Friday, 18 May 2012


by Hilary Rowley
There is some WOO action coming up. Anyone wanting to be part of the interesting bunch of people pottering round with fruit trees in the streets of Waitati, should get down to the area known as the Riverside Patch on Orokonui Road at 10am on Saturday 16 June. This is a lovely place beside the river, and will be gorgeous in future years when the fruit trees have grown, and it has a lovely cleared picnic spot. Take your garden tidying tools and the makings of morning tea.  If the weather is bad on the Saturday, the Sunday is the replacement day.
Wise words from Jason (the WOO orchard guru) are: don't prune yet, wait a bit until Jason runs one of his pruning workshops later on and learn all about the fine art (or is it a craft?) of getting your fruit-bearing plants in the best possible shape for the next season. The thing to do in the fruit orchard now is to divide, spread and plant perennial orchard companion plants. These attract beneficial insects, aid in pollination, and keep infections at bay. Try sweet cicely, creeping and Russian comfrey, feverfew, nasturtium, alyssium, chives.  This will attract humans to your orchard too, by making it a luxuriant, relaxing place.
Two pruning jobs which can be done now are grapes and raspberries. It's much easier to prune raspberries when the old fruit stalks can still be seen on the canes. The aim is to prune out anything that has fruited this summer. You start by looking at the tops, then cutting off the old cane at ground level, but after a while it becomes easy to spot the old canes just by their colour at the base. Any canes that are still fruiting can be left, as they will probably fruit again in early summer. Chop up your prunings and use them as kindling. Don't leave them lying about to spread disease.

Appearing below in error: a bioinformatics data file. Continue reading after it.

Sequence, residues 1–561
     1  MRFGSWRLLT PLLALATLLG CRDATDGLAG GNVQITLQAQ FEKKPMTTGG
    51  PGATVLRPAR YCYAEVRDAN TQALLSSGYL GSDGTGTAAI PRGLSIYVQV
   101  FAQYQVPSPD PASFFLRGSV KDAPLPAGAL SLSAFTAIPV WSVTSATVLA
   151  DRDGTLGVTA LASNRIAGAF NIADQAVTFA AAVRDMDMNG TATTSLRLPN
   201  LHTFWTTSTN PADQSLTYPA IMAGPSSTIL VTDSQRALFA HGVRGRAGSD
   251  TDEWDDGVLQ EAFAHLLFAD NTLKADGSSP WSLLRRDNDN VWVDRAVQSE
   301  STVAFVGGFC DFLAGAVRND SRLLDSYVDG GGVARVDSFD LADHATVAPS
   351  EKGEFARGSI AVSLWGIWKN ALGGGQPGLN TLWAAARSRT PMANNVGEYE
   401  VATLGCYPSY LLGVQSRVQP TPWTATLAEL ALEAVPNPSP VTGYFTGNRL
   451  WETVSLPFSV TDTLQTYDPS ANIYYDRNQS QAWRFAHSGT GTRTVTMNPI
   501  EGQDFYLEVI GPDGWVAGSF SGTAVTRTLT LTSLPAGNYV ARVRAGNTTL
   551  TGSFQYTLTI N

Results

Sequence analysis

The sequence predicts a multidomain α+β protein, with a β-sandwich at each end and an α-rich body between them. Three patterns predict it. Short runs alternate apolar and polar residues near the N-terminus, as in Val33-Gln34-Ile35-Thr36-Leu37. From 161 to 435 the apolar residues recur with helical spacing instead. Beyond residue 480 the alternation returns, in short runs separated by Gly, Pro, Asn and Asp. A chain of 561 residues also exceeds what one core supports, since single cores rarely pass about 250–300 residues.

Grapes need to be pruned back quite harshly. You basically have the long leaders that you are training along your wall, deck or wire and prune each branch back to within two buds of the leader. These buds will bear your fruit next year. I recently read that if you have more than one main leader they must be at about the same height as each other, otherwise the lower one will not fruit. If you want to train layered branches of grapes across a wall, you will have to do it with more than one plant.
Sitting on our bench at the moment is a big pile of grape bunches grown outside in North East Valley with no frost protection. They are a variety called Siebel, a Canadian wine grape which seems a very hardy variety. We have some growing in Orokonui that have fruited already, though it will be a long time before we can make wine. I will try and distribute some cuttings to WOO members if anyone is interested.

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